- Turn crickets loose in the coop on a cold, snowy day when your girls can’t go outdoors. Buy them in bulk at pet stores. Cricket tubes—toys designed to release a single cricket at a time—are a hit any time of the year.
- Buy or make a treat dispenser you can fill with scratch feed, mealworms, frozen peas or corn, bits of dried pasta or peanuts, unpopped popcorn, raw brown rice or other grains, sunflower seeds in the hull or commercially-dried grubs. Make one by drilling 1⁄4-inch holes in a plastic soda bottle or food jar (clean, empty peanut butter jars work well) or try a dog toy designed to dispense treats. Stuff bigger items such as peanuts in the hull or larger frozen veggies in a dog’s toy; that works, too.
- Freeze larger goodies such as chunks of watermelon or favorite raw veggies in a block of ice for the perfect summertime treat.
- Roll peas or peanuts across a hard surface so your chickens have to chase to eat them. Nonfood toys work, too.
A Few More
And for some non-food enrichment ideas:
- Suspend old CD discs where chickens can peck them. They’ll be enthralled!
- Invest in parrot toys. Chickens love them, too.
- Place a child’s toy xylophone where your girls can peck it. They’ll make music while they play.
- Create swings in the coop and run. Drill holes in a thick dowel rod and suspend it with rope or make the swing out of a sturdy branch.
- Add extra perches in the coop and outdoors, so chickens can hop up and amuse themselves. Lean an old wooden ladder against the wall for instant perches.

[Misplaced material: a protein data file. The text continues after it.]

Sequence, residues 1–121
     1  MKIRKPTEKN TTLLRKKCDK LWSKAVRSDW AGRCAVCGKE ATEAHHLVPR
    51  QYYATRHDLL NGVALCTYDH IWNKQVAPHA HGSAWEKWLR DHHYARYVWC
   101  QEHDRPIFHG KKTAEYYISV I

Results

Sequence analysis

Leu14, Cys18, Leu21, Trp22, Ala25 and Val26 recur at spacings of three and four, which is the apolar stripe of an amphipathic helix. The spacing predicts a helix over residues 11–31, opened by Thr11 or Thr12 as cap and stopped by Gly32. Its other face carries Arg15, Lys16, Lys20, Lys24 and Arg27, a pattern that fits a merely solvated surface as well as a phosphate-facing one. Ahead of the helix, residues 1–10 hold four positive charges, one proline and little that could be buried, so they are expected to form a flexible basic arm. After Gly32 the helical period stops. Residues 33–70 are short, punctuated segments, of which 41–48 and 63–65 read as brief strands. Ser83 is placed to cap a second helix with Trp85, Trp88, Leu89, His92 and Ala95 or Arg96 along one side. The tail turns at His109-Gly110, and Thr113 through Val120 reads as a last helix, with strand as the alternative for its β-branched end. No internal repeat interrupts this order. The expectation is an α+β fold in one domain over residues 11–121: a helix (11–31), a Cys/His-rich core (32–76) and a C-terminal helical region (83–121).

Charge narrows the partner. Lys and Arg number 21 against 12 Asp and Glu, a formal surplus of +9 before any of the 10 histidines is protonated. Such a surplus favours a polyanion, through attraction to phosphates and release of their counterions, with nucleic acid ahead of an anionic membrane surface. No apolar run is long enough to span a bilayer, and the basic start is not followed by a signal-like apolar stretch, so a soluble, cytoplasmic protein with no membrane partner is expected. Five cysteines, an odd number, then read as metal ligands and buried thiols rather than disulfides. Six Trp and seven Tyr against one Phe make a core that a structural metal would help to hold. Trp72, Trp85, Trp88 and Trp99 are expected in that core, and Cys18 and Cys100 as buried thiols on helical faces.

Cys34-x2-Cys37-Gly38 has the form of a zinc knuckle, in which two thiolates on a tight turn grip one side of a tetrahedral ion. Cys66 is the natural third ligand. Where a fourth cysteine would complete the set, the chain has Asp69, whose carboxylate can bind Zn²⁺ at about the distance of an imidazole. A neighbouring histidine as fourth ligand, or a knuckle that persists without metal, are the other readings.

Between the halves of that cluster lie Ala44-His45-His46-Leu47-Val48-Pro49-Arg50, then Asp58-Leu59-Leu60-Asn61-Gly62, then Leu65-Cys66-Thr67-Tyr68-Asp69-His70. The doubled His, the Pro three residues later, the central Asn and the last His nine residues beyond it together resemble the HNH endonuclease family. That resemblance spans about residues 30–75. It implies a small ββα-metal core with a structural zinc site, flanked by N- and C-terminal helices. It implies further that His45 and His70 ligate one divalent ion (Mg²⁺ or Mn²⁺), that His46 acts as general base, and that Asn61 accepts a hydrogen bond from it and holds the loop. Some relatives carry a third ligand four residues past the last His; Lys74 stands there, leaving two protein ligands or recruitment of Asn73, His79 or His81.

- Hang a mirror where your chickens can admire themselves and peck at their reflections. Don’t do this if you have a rooster in the coop. He might challenge the “intruder” and get hurt.
Manage your chickens wisely and they’ll return your efforts by getting along with each other in an amicable, peaceful manner. You’ll experience chicken harmony, and all will be happier for that.
Sidebar: Choosing Chickens
If you want to promote chicken harmony in the henhouse, choose a docile, nonflighty breed that adapts to confinement as well as free-range situations. These breeds apply:
- Ameraucanas (said by the chicken owners we polled to be the calmest breed of all)
- Jersey Giants
- Naked Necks
- New Hampshires (roosters can be aggressive)
- Plymouth Rocks
- Rhode Island Reds (roosters can be aggressive)
- Rhode Island Whites
Flighty breeds—this includes most in the Mediterranean class—tend not to do well in confinement, and their higher energy level may lead to bullying.
Aggressive breeds such as Aseels, Cubalayas, Malay, Modern Game and Old English Game shouldn’t be mixed with more docile breeds, as even hens can be bullies. Because they tend to fight among themselves, they don’t do well in confinement.
Most bantams are flightier and more pugnacious than their standard-size kin. Bantam roosters are often aggressive.
This article originally appeared in the January/February 2020 issue of Chickens magazine.